This conversation explored how the discipline and profession of design might be epistemologically decentered and, in effect, decolonized. Focusing on their experiences working with Indigenous and mestizo communities in Latin America, the convenors discussed the need to reconceive design theory, research, practice, and education. Their goal was to begin a process of leveling the playing field on which Indigenous and non-Western perspectives encounter the discipline’s legacy epistemologies, which are rooted in Western modernity and its attendant coloniality. During the session, they fostered a conversation that laid out the conceptual and practical difficulties that lie ahead but that must be addressed in order for the field to expand its historically narrow borders and adopt broader, deeper, and sustainable perspectives.

Look Around You, Look Inside You: Exploring Heritage in the Design Classroom

Peer-reviewed paper.

Presented in poster format at the International Association of Societies of Design Research (IASDR) Biennial Conference in Cincinnati, OH (Oct 2017).

Published in IASDR 2017 Book of Proceedings, page 1606-1613.


How can students at a federally-designated Hispanic-serving institution understand and express culture and diversity through art and design? In order to address this inquiry and to exemplify a method that introduces students to critical thinking in the context of design, I am presenting a case study based on the primary results of a project implemented at an introductory graphic design class, which is part of a multidisciplinary arts program. In this project, students learn basics of design research and auto-ethnography in a studio setting, in order to explore heritage and culture, their context of living, family history, and personal connections with their past, present, and future. Results from this discovery stage inform brainstorming, sketching, design, and production of a book that contains multiple visual explorations on “Heritage.” Some of the most memorable and productive conversations and interactions between students took place not only during the development of the project, but at the final project presentation, exposing their capacity to develop greater tolerance and a more empathic view of the other, to be open to reanalyze their context and personal interactions, to better evaluate the design abilities of their peers as they respond to their own individual approach to the topic, and to develop a better and safer sense of place in the classroom.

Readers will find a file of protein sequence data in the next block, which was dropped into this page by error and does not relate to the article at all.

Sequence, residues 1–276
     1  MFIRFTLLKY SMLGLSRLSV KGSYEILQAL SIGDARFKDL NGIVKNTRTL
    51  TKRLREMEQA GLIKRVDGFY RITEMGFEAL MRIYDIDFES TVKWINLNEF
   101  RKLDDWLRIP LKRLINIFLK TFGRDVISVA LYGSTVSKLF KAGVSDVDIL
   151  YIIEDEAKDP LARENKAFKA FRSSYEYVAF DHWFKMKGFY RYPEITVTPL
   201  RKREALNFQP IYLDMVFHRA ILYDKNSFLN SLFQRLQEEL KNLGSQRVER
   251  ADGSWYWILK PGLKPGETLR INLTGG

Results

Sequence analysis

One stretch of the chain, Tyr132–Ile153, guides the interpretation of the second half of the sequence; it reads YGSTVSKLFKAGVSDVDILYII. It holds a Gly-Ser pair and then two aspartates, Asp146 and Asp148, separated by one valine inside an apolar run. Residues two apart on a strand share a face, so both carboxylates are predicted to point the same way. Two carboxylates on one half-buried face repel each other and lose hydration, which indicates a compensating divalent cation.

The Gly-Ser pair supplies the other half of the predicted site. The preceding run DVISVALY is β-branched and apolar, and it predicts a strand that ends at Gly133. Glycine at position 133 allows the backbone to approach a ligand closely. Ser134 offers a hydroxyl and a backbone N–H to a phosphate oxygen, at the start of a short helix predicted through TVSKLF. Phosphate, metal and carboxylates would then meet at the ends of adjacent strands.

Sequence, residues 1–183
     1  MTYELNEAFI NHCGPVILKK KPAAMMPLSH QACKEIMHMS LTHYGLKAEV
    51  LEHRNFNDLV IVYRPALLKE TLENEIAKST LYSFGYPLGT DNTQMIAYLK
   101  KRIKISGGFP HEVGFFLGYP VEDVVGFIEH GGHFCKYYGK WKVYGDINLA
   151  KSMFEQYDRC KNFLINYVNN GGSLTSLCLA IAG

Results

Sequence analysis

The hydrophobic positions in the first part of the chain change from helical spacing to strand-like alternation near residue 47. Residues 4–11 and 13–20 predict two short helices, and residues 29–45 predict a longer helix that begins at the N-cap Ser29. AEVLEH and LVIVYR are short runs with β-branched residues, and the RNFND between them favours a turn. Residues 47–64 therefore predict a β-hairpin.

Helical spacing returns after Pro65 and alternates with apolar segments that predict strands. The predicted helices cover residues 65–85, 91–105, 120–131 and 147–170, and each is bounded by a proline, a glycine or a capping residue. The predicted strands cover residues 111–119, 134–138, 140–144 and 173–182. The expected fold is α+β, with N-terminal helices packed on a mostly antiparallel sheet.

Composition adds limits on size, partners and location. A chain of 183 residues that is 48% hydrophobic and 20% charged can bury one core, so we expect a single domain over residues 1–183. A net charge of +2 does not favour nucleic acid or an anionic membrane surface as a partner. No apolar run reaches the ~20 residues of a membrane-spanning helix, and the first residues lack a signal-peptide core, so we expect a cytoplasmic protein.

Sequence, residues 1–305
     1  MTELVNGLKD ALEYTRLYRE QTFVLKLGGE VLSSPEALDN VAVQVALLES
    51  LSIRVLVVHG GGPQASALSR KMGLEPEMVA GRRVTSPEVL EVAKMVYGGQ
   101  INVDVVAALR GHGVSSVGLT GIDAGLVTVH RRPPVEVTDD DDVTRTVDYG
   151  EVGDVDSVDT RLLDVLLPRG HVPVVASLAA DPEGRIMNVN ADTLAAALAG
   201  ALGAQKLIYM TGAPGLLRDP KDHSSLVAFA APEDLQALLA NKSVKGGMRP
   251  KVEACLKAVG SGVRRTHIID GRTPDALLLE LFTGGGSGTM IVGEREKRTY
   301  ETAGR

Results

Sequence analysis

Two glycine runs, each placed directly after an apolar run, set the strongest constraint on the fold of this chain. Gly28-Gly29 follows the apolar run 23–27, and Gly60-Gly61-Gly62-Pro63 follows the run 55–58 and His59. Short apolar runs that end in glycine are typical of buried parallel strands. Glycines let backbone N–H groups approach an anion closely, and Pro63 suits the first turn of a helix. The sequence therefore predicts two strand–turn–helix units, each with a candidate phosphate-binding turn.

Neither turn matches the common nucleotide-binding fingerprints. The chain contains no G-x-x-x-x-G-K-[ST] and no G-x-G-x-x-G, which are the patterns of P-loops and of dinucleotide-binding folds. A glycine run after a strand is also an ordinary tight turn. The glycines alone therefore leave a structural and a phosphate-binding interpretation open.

Hernández, Maria Gabriela. Look Around You, Look Inside You: Exploring Heritage in the Design Classroom. Re:Research, University of Cincinnati, 2017, p. 1606–1613, doi:10.7945/c24h5p.

Design Research, Storytelling, and Entrepreneur Women in Rural Costa Rica: A Case Study

Peer-reviewed paper.

Presented at the Design Research Society Biennial Conference in Brighton, England (June 2016).

Published in the DRS 2016 Book of Proceedings.